- I was raised by my low-income dad, but when I visited my mom she was always driving a luxury car.
- She couldn’t afford it, but seeing how it made other people treat us made me want to do the same.
- I ended up in deep debt and using drugs until I got sober and dealt with my mental health and trauma.
I grew up low-income, and it’s one of the primary reasons I’ve been so terrible with money my entire life. I love my parents, but their lack of financial literacy along with the way they spent money led to me developing some terrible spending habits.
I wouldn’t realize until later in life that my mom’s obsession with giving off the appearance that we were well off would play a role in my spending and accumulation of debt.
I was always surprised by my mom’s fancy cars
Today, my mom is 17 years sober and helped me get sober 10 years ago. But growing up, she was an alcoholic and was married to my former stepdad. He was a high school art teacher, and my mom was pursuing her PhD in psychology while also working a low-paying job. Although they clearly weren’t making enough money to live an extravagant lifestyle, you’d think they were pretty wealthy.
My dad raised me, but I’d visit them during school breaks for the holidays, and I was always blown away by how many nice things they had. Mainly, I was shocked at their expensive cars.
My stepdad drove a beautiful Corvette, and my mom loved luxury cars. I can’t remember a time in my life when my mom wasn’t driving a Mercedes-Benz or BMW. Part of me knew they didn’t make that much money, but as a kid, our concept of money is still pretty skewed.
It felt good to be part of my mom’s extravagant lifestyle, even though she couldn’t afford it
Eventually, I started noticing how often they fought about money and how they’d constantly talk about needing expensive things. It was strange to me because I lived in a small apartment with my dad, and he drove whatever old beater car he could afford until it broke down. Their spending was strange, but I also realized that I felt different being with them — like I wasn’t being looked down on by others.
During most of the year, I was the lower-class kid while all of my friends lived in big houses with nice things. I always felt lesser because we didn’t have much, but I didn’t feel that way being surrounded by nice things when I went to visit my mom.
I ended up in debt
As I grew older and started working, I wanted to maintain that feeling; it may be why I’ve had such a strong work ethic throughout my life. I wanted to work as hard as possible to make as much money as I could to buy nice things and never get looked down on again. This craving to look wealthy that I inherited from my mom resulted in debt and more anxiety than I like to even think about.
I wasn’t making nearly as much money as I needed to, but I didn’t want anyone to know that. Whenever friends wanted to go out to eat or to bars and clubs here in Las Vegas, I’d always go and spend hundreds of dollars for a night I would barely remember. When my roommates and I would look for apartments, I’d always agree to live somewhere that was much more expensive than I could afford.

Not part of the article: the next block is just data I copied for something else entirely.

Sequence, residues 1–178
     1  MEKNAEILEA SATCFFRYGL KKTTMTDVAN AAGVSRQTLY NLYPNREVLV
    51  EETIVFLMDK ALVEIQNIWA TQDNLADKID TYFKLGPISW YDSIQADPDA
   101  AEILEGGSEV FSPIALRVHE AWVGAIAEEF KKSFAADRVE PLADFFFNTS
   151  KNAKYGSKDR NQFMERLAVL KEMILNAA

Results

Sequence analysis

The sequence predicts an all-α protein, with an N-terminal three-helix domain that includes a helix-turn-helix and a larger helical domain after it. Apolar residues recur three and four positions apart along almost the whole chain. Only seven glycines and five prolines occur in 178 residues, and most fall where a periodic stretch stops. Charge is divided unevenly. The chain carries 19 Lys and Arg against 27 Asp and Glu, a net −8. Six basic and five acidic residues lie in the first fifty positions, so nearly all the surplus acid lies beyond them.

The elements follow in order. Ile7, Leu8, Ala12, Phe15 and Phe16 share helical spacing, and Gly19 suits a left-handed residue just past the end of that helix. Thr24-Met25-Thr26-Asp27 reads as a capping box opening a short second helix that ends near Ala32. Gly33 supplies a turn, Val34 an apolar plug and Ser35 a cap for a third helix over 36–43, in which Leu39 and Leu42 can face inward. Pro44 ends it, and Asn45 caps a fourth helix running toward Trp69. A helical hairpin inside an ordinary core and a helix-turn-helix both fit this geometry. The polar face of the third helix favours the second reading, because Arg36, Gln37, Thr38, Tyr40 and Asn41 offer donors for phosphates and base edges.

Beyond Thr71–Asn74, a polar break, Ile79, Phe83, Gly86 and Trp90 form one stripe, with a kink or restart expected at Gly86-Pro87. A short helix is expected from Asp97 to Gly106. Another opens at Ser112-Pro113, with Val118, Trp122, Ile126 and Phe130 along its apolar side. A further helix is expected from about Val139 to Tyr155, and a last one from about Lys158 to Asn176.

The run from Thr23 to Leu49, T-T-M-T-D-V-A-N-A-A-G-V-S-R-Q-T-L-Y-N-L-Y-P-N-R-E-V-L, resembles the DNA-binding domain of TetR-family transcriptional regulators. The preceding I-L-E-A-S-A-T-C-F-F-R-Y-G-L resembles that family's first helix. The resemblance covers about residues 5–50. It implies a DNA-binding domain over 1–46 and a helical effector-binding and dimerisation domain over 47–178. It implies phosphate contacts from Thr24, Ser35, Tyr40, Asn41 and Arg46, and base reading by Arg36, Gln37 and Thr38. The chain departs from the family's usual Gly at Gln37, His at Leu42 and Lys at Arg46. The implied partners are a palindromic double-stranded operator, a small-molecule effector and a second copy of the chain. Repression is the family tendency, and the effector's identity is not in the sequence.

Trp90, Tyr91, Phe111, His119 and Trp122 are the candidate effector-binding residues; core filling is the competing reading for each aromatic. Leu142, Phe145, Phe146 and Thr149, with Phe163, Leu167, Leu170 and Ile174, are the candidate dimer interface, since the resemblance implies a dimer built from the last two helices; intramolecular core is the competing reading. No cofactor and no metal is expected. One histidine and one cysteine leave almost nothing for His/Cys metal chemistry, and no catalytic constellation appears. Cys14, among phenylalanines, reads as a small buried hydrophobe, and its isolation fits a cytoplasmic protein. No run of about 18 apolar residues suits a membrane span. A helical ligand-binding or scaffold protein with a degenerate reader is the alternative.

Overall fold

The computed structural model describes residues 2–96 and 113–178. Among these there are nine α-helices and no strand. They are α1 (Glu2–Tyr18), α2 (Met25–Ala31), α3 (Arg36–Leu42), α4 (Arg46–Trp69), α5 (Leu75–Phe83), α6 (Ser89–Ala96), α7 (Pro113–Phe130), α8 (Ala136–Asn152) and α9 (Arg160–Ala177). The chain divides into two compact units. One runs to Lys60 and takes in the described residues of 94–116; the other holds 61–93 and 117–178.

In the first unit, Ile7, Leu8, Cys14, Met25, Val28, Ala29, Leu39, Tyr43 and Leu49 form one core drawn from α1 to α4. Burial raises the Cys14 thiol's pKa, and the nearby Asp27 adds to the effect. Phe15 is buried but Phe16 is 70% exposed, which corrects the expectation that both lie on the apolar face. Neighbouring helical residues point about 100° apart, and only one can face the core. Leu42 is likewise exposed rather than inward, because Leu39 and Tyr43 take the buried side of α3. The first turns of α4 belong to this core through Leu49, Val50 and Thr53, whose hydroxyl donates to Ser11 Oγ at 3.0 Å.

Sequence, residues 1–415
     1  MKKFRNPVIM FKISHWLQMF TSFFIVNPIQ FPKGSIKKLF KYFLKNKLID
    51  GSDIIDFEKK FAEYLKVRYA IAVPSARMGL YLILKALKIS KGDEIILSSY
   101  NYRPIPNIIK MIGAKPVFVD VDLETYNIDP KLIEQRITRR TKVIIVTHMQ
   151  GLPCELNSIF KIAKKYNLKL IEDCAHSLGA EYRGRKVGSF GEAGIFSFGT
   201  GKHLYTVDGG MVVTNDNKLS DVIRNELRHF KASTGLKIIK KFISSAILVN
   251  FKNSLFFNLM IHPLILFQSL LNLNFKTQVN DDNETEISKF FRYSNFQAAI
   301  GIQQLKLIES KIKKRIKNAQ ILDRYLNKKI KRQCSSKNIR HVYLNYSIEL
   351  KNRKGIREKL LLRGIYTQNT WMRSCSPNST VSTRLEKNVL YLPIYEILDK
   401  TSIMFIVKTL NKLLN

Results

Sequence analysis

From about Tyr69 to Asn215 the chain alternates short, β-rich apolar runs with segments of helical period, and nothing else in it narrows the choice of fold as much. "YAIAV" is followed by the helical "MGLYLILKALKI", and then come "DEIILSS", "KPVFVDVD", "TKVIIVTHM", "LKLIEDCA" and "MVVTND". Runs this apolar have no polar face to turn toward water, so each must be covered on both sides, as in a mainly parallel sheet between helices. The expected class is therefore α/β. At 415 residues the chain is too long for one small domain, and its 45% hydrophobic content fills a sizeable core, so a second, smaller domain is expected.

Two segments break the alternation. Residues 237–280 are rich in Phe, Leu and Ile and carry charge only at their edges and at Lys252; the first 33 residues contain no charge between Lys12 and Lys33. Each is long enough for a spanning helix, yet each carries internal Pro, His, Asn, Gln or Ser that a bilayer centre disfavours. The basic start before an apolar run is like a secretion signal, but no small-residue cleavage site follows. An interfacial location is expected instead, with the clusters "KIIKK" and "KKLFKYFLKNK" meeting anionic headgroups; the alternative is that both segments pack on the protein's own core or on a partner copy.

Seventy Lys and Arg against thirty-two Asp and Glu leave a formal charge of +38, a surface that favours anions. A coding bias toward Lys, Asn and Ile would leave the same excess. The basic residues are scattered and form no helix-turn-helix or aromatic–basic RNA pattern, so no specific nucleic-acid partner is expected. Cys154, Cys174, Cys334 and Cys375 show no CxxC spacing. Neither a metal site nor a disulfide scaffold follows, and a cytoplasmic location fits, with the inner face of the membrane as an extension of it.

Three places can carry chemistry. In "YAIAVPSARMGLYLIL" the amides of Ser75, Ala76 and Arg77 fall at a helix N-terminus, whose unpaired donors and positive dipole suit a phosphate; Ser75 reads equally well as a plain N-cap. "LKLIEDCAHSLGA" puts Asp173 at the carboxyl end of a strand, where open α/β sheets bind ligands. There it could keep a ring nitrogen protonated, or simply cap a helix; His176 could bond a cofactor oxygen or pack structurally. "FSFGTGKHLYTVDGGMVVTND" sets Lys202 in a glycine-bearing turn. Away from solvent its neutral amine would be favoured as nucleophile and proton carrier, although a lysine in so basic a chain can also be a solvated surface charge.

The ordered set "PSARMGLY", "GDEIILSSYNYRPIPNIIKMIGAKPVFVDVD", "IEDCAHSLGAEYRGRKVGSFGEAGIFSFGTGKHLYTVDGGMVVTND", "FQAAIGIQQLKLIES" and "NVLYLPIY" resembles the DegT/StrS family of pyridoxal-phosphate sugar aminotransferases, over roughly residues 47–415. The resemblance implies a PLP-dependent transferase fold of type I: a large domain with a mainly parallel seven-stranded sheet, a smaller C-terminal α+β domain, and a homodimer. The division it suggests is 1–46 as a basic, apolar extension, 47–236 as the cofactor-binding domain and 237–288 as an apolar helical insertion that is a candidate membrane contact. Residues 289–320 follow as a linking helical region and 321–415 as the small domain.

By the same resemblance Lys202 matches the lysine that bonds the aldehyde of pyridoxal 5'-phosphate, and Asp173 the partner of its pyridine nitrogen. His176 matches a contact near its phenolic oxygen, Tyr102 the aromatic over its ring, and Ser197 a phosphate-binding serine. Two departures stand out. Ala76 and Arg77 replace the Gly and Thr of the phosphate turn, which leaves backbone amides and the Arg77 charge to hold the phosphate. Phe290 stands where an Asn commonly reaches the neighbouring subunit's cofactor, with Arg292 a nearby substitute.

In addition to overspending, I was also struggling with an expensive drug addiction.
I continued to struggle to keep my head above water while trying to live this lifestyle and feed my habit. Finally, I reached the point where I started taking out the worst types of loans. I began taking out payday loans, which can have interest rates from 40% to as high as 199% for longer loans. That means that a $500 loan could cost me $200 to $995 in interest in addition to the original $500 I borrowed.
It was common for me to go to a different payday loan place to pull out money to pay back the original loan from a different company. I even took out a title loan on my truck, something I swore I’d never do. A title loan is when the company can take your vehicle if you don’t make your payments — not a situation I wanted to be in.
Dealing with my childhood trauma helped me get on track with my finances
When I finally got sober in 2012 and started working on myself, I had to do a ton of work on my mental health that dealt with my childhood trauma, self-esteem, and other issues.
My whole life, I hadn’t realized why I was spending the way I was. The entire time, I was doing it just to impress others the same way my mom did. Like my mom, it didn’t bring me happiness or fulfillment. It actually made me more miserable, anxious, and exhausted.
Since I started reading about human behavior, I’ve learned the concept of conspicuous consumption. This term came from sociologist Thorstein Veblen, who wrote about it in his book, “The Theory of the Leisure Class.” Basically, conspicuous consumption is when we purchase things with the intention of showcasing our status, and it’s something all of us do.
I’ve completely turned my financial life around because I realized I don’t need to impress anybody. Now, I only purchase things that bring me happiness. Whenever I’m making a purchase, I pause and ask, “Why am I buying this? Is it for me or for others?”
I even taught this to my son when he felt like he always needed the newest Fortnite skin. He was only 9 or 10 at the time, but it stuck with him. Now, that kid can make his Christmas and birthday money last for months. He actually still has some money from last December as I write this in July.
My mom just bought a new Mercedes-Benz, but now that she’s sober and an accomplished psychologist, she can afford it. I don’t know if she’s been able to move away from trying to impress others, but I’m grateful that I was able to break the cycle and help my son avoid the same mistakes.